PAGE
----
After seeing a preview of Alonzo King's collaboration with Zakir Hussain for Lines Ballet's 25th anniversary opening program at OCPAC a month or so ago, I was very excited to see the actual performance tonight (Sunday, November 4) at Yerba Buena. The program had two world premieres: Irregular Pearl set to live Baroque music and improvisation by members of the Philharmonia Baroque Orchestra, and Rasa, set to music by Hussain and Kala Ramnath.
Irregular Pearl was the first half of the evening, and was a bit too long and homogeneous in its movement. The dancers are beautiful, and move with a sinuous adagio quality at all speeds, but after a while everything kind of looks the same. I almost fell asleep, too.
Rasa was a different story altogether. Two things stood out: the amazing central pas de deux, which I think I could stand to watch at least 3 or 4 more times, and the movement quality and speed of the dancers in the latter half of the piece. The pas, danced by Laurel Keen and Brett Conway, was like an embodiment of yin and yang, rejection and desire, independence, interdependence, and co-dependence. Alternately pulling at each other, pushing each other away, dragging, rolling, and in general struggling across the floor, the pas makes its shapes with regular, ugly movements combined so seamlessly with classical ballet poses that you can't tell where one begins and the other begins. Often, choreography that tries to fuse prosaic movement with classical ballet looks contrived, like the choreographer had an internal checklist and schedule, with the switches looking like they were forced because he had to put something different in now.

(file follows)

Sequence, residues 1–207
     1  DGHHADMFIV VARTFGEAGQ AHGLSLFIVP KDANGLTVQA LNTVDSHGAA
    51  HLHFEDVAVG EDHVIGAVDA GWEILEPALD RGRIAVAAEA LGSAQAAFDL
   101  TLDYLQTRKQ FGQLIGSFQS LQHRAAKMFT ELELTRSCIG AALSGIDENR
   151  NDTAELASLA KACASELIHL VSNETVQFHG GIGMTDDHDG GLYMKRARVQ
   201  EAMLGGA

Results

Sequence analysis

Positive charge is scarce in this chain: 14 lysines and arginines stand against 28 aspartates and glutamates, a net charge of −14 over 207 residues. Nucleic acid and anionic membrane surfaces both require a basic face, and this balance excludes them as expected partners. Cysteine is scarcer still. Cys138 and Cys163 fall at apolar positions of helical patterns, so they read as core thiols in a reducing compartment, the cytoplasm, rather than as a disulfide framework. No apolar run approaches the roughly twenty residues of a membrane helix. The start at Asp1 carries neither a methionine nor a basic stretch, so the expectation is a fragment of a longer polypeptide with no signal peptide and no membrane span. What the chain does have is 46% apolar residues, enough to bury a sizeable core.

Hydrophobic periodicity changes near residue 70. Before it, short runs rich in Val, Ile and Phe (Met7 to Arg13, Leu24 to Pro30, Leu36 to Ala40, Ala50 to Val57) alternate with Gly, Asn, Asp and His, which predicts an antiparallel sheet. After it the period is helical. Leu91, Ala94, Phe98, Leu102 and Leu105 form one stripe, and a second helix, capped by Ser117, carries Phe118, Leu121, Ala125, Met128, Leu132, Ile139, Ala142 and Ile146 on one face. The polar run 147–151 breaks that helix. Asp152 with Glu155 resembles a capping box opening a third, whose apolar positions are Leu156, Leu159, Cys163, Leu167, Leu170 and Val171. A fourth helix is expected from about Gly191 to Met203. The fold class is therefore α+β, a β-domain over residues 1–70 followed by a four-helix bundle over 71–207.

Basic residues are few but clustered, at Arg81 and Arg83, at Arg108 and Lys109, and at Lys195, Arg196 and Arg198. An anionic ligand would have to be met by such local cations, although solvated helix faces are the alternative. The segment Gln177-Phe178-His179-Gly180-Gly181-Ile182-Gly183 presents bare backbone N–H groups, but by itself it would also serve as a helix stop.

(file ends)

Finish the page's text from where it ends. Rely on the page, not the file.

Not so with Rasa. Even in the most turbulent, struggle-ridden moments, the ballet steps would suddenly appear as if they were the most natural transition to the set of steps. Conversely, unlike contact improv, the struggle in this piece doesn't look like two people trying to move a sofa up some steep stairs. This is struggle elevated and glorified, made beautiful and put on a pedestal, yet projecting all the difficulty. This is how everyday movement should be made into dance.
For me, this pas de deux alone is worth the price of admission, and is the most remarkable thing I have seen in a very long time. However, what pushes Rasa over the top is a series of solos for the dancers after the pas that has the ballet dancers moving like no other ballet dancers I've seen. Using ferocious speed, commitment, and a sharpness of attack more commonly found in krumping --- I keep thinking of the beginning of the documentary Rize which disclaims that none of its footage was sped up --- the dancers showed an amazing abandon in musically and choreographically complex movement.
Rasa is amazing stuff --- go see it!